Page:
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Joe Mcintyre

This paper was written by Joe Mcintyre.

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Joe McIntyre is the President of the International Fellowship of Ministries.


Originally published in Refleks 1-1 (2002). Included by permission.

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Articles > Charismatic Theology > Healing In Redemption

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Isaiah 53

 

 

The basis for the idea that healing is in the atonement is derived from the literal Hebrew rendering of Isaiah 53.  Most English translations of Isaiah 53:4 interpret the two key Hebrew words relative to this discussion in ways that obscure rather than clarify their healing content.

 

Isaiah 53:3-5,10a KJV

3  He is despised and rejected of men; A man of sorrows and acquanted with grief.And we hid as it were our faces from him; He was despised and we esteemed him not.

4  Surely he hath borne our griefs and carried our sorrows; Yet we did esteem him stricken of God and afflicted.

5 But He was wounded for our transgressions, He was bruised for our iniquities; The chastisement for our peace was upon Him,

And by His stripes we are healed.

10 Yet it pleased the Lord to bruise him; He hath put him to grief.

 

The words in bold represent the most important Hebrew words. (These words are translated identically in the NASB. The NIV translate sorrows and suffering in verse 3; infirmities and sorrows in verse 4; and cause him to suffer in verse 10)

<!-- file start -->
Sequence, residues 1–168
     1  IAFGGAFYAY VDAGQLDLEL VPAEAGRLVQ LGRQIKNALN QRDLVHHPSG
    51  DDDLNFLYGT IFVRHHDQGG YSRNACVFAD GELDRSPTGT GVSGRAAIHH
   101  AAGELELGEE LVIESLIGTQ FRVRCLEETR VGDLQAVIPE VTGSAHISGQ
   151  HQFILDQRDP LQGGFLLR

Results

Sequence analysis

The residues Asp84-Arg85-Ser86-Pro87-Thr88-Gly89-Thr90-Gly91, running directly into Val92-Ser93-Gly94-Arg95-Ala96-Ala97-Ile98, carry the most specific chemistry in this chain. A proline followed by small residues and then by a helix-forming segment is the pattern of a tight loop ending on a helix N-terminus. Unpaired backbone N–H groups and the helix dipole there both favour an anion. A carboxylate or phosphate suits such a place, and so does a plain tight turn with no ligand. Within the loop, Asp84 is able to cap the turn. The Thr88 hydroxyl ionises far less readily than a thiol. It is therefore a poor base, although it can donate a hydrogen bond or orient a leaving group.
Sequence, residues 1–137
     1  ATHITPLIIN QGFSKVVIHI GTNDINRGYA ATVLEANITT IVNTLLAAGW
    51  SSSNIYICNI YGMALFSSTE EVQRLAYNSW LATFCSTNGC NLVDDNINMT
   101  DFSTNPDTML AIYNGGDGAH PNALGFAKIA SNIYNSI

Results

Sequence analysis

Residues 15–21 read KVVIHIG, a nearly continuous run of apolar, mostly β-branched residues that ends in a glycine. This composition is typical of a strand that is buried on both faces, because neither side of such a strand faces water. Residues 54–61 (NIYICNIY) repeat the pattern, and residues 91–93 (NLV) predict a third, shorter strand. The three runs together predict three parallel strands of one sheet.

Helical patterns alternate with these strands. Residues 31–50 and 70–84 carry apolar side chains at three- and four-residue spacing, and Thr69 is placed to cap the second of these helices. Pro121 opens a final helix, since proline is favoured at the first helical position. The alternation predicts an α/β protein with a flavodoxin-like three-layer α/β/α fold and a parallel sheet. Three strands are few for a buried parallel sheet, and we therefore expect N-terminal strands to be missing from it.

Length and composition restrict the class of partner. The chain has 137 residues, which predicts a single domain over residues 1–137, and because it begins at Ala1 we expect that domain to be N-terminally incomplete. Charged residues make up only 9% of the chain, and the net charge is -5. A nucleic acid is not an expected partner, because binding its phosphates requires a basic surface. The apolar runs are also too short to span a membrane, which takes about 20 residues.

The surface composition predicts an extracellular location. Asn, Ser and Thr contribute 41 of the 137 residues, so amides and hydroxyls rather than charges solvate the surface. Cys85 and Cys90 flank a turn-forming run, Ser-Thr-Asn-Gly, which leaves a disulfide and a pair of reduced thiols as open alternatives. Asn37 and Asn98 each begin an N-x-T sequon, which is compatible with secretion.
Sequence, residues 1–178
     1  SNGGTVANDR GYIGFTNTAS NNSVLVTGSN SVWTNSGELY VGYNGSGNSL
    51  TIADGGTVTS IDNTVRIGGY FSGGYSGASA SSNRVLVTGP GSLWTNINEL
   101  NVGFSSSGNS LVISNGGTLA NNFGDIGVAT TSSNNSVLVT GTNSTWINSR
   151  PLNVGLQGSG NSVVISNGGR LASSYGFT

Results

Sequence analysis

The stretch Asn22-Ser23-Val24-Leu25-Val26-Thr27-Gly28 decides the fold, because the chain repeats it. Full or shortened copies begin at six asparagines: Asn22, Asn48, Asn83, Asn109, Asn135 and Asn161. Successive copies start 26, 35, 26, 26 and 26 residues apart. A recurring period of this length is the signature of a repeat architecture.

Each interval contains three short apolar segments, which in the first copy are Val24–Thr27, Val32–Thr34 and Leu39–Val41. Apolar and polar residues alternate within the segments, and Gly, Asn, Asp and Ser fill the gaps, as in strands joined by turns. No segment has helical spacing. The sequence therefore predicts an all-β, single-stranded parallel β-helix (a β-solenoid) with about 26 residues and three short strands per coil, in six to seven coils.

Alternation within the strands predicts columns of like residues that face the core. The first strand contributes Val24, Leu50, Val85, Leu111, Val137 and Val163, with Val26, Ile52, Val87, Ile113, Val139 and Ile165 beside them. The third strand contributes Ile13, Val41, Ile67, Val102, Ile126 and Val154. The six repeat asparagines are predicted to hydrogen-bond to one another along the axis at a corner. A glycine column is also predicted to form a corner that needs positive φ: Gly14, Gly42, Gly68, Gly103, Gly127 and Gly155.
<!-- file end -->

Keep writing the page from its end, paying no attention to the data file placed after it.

Now compare these with Young’s Literal Translation:

 

            3 He is despised and left of men, a man of pains and acquainted with sickness; And as one hiding the face from us, He is despised, and we esteemed him not.

 

sicknesses he hath borne, and our pains – lo, he has carried them; And we – we have esteemed him plagued, smitten of God, and afflicted.

 

4 Surely our sicknesses he hath borne, and our pains he hath carried them         

5 And he is pierced for our transgressions. Bruised for our iniquities, the chastisement of our peace is on him. And by his bruise there is healing to us.

            10a And Jehovah hath delighted to bruise him; He hath made him sick

 

          Our popular English translations, (other than Young’s) tend to soften the language regarding sickness and healing. The Jewish Publication Society, however, translates

           

            3  A man of pains and acquainted with disease

            4 Surely our diseases he did bear, and our pains he carried

            5  And with his stripes we are healed

            10 Yet it pleased the Lord to crush him by disease.

 

            Translators with no prejudice against healing see no reason not to translate these terms in their usual sense. We will now examine the Hebrew words used in these verses.

1 | 2 | 3 | 4 | 5 | 6 | 7 | 8 | 9 | Footnotes

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